Just as the low-maintenance personal garden is mostly myth, the low-maintenance public landscape is even less possible. Such was the case with Alfred Caldwell’s Lily Pool (built 1936-38) in Lincoln Park. As recently as 1998, the pool, its surrounding stonework, and its plantings was “a dead world,” according to the designer when he visited it just before his death. The formerly pristine masterpiece was choked with weed trees, the stonework was damaged, and the lagoon was filled with trash.
Too bad Caldwell never lived to see the restoration that I was lucky enough to view during our garden blogger meet-up in Chicago last weekend. The lily pool is gorgeous once more, thanks to a public/private partnership that raised funds and galvanized volunteers. I don’t think I’ve ever seen so many aquilegia canadensis, geranium maculatum, thalictrium dasycarpum (not sure of exact plant here), and wild phlox all together in one place before. There were also many native trees and shrubs. The stonework has been restored and the water was clear; it would be wonderful to have such a retreat in the middle of any city.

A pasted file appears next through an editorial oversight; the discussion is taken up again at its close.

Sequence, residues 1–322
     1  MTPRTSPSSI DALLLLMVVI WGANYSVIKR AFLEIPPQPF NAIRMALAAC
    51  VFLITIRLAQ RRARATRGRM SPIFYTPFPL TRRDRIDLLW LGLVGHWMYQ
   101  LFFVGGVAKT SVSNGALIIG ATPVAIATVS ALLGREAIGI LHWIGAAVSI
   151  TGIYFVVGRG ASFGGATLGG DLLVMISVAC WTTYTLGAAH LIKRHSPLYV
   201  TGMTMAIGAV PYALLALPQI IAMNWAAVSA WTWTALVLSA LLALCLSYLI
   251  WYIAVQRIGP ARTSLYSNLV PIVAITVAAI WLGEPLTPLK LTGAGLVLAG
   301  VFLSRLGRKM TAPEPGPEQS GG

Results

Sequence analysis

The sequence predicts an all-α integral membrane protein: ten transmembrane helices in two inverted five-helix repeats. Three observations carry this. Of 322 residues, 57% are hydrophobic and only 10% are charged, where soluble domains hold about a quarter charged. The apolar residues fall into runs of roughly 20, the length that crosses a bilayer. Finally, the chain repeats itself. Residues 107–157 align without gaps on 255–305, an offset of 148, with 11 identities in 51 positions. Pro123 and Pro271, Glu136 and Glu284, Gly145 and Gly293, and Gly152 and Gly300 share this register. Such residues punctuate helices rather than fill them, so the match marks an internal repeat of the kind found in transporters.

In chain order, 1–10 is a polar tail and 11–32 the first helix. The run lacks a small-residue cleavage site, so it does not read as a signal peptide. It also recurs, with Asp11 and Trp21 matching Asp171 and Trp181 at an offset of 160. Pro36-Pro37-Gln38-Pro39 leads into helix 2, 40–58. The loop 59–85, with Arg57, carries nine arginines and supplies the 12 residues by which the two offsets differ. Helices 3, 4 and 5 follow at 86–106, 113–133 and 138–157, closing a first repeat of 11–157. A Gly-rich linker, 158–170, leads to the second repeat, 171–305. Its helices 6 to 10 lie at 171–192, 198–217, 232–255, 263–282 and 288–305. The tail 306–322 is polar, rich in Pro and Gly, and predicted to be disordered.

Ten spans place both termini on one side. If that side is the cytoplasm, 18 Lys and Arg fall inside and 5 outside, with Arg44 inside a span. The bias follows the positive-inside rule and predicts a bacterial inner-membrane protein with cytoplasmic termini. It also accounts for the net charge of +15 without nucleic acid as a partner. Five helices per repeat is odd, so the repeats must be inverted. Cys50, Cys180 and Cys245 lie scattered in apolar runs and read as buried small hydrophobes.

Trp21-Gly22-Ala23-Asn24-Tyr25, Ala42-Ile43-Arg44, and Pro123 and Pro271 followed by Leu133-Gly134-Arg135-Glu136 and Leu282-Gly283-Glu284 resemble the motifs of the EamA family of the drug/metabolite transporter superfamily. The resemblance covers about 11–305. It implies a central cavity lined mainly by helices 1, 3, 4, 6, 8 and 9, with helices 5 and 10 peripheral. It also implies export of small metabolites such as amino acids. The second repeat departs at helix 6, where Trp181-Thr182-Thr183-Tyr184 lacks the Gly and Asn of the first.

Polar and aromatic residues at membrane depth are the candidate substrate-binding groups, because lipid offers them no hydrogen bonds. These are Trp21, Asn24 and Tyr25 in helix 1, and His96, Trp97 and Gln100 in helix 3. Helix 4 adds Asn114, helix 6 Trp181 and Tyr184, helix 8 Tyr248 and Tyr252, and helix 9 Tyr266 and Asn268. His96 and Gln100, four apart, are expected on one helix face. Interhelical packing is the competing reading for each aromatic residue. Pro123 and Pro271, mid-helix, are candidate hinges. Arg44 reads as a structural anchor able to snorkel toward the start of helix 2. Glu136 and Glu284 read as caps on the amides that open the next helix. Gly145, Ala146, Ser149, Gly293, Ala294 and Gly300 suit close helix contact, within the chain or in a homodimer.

It’s interesting how this landscape—which is meant to appear natural, even wild—requires almost as much regular maintenance as any of the more contrived institutional gardens, such as the Chicago Botanic Garden or any of the conservatories in the city. Certainly the Lurie Gardens, another favorite of the group, must also require a massive amount of tending. And after listening to and reading many accounts about how native meadows must be developed and tweaked into shape, I can’t imagine making the attempt.
So all the more kudos to Chicago for being able to keep these natural places looking as they should.
Check here for a selection of pictures from the Chicago trip.